Numerical simulation of the density of matter when the universe was 4.7 billion years old. Galaxy . [+] formation follows the gravitational wells produced by dark matter, where hydrogen gas coalesces, and the first stars ignite. Image credit: V. Springel et al. 2005, Nature, 435, 629

This isn’t what our universe looks like. Our universe looks much more cobwebby than gridlike, with big knots of galaxies, and little filaments of galaxies stretching away from each knot. The big knots are galaxy clusters, and can hold thousands of galaxies. Their smaller counterparts, galaxy groups, have a few galaxies in them. Our own galaxy is in a small group, with Andromeda, and a bunch of very small dwarf galaxies.

These clusters and groups are what happens when galaxies form close enough to each other that gravity can pull them together. If a galaxy is close enough to another galaxy, and not moving too fast, gravity will prevent them from ever truly separating again. These galaxies may spend many billions of years falling towards each other, and will generally miss each other on the first attempted collision, so will spend many more billions of years falling back together for a second, and then perhaps a third attempt. Our galaxy and Andromeda are in the first fall together stage, which will probably take about 3 billion more years before it’s hard to disentangle our two galaxies.

This system consists of a pair of galaxies, dubbed NGC 3690 (or Arp 299), which made a close pass . [+] some 700 million years ago. As a result of this interaction, the system underwent a fierce burst of star formation. In the last fifteen years or so six supernovae have popped off in the outer reaches of the galaxy, making this system a distinguished supernova factory. Credit: NASA, ESA, the Hubble Heritage (STScI/AURA)-ESA/Hubble Collaboration, and A. Evans (University of Virginia, Charlottesville/NRAO/Stony Brook University)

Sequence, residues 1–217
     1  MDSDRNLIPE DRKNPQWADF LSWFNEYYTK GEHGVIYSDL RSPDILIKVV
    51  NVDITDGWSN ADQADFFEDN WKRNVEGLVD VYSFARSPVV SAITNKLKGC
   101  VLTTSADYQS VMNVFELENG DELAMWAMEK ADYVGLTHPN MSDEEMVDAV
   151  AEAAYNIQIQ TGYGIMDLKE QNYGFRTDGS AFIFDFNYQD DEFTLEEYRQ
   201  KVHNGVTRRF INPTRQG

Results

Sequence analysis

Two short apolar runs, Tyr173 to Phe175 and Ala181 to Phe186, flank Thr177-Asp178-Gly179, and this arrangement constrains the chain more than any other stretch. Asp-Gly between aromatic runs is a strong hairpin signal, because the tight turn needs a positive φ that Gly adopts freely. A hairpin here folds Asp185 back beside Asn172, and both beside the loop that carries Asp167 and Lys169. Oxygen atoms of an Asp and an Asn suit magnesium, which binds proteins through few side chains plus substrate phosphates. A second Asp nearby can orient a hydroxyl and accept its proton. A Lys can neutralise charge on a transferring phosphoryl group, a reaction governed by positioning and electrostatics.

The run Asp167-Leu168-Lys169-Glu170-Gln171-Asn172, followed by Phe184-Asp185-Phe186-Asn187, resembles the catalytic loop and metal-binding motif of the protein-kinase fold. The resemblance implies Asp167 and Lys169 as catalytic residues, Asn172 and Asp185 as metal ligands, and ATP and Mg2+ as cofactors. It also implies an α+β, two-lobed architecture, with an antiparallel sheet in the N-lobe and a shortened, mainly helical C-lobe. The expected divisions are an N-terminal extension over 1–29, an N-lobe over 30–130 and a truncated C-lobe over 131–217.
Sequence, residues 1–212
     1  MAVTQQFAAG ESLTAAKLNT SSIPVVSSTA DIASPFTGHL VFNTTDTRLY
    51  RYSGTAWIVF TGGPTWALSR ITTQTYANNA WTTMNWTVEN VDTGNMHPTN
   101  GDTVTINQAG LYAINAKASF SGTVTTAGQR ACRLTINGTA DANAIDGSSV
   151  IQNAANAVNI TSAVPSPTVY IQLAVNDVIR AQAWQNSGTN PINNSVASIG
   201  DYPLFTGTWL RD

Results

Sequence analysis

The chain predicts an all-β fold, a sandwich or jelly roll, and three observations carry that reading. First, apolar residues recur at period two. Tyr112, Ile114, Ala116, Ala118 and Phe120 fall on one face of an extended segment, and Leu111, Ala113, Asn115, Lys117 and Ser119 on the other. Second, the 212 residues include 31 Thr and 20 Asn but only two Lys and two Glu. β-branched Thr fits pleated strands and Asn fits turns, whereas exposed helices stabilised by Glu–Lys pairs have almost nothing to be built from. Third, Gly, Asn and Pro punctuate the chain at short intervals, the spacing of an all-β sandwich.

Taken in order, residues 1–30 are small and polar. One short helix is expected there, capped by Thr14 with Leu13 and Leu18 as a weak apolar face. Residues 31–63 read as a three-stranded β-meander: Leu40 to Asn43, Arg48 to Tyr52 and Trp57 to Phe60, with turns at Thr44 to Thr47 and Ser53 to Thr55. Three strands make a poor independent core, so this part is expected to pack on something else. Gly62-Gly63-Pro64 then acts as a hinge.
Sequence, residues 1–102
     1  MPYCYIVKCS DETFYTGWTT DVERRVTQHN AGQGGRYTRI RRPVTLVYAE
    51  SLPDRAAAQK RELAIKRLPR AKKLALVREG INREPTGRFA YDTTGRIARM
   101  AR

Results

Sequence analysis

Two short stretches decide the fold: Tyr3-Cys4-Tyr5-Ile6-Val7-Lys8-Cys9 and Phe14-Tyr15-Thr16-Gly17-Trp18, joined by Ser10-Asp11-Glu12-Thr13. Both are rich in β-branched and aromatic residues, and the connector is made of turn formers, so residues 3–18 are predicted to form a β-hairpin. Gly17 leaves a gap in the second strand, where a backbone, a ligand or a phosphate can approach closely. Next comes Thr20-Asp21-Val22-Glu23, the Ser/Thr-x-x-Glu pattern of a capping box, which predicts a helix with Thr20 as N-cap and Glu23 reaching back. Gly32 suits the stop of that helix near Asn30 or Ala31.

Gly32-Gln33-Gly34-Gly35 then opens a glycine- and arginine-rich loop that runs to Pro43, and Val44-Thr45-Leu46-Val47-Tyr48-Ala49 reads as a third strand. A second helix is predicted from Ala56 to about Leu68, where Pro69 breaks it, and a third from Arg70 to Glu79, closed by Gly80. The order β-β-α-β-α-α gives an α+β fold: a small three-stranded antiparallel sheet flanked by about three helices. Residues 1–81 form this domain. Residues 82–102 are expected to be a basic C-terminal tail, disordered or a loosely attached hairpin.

Fundamentally, the fact that we see galaxy collisions comes down to two things galaxies didn’t form on a grid, and the force of expansion of our universe is less strong than the force of gravity for galaxies which are near each other. If the force of expansion were much, much stronger than it is, then even gravity might not be able to pull galaxies together, and each galaxy really would be an island universe, isolated for all time. Fortunately for us, gravity still reigns supreme as long as the conditions are right.

## A Galaxy Far,Far, Away

A while back in Nature a paper was published on the most distant confirmed galaxy discovered so far. 1 The galaxy, known as z8 GND 5296 has a measured redshift of 7.51. You can see the galaxy in the image above.

So just how far away is this galaxy? It depends on which distance you are talking about.

When determining the distance of far galaxies like this one, astronomers typically give the value purely in terms of its redshift, often known as z. To calculate the z redshift of an object, you look for an emission or absorption line you can identify, such as those of hydrogen. You then compare the observed wavelength of the line from the object with the standard (not redshifted) line. The difference between the observed and standard wavelengths divided by the standard gives you a number known as z.

If there is no redshift, then there is no difference between observed and standard lines, hence the z is zero. Redshift is thus given by a positive number, where the bigger the number the bigger the z. Technically there is no limit to the value z can have, but the highest we have observed is about z = 12. Bigger z also means greater distance. Because of the expansion of the universe, the light of a distant galaxy is redshifted more than the light of a closer galaxy. So the galaxy with the greatest redshift is the most distant.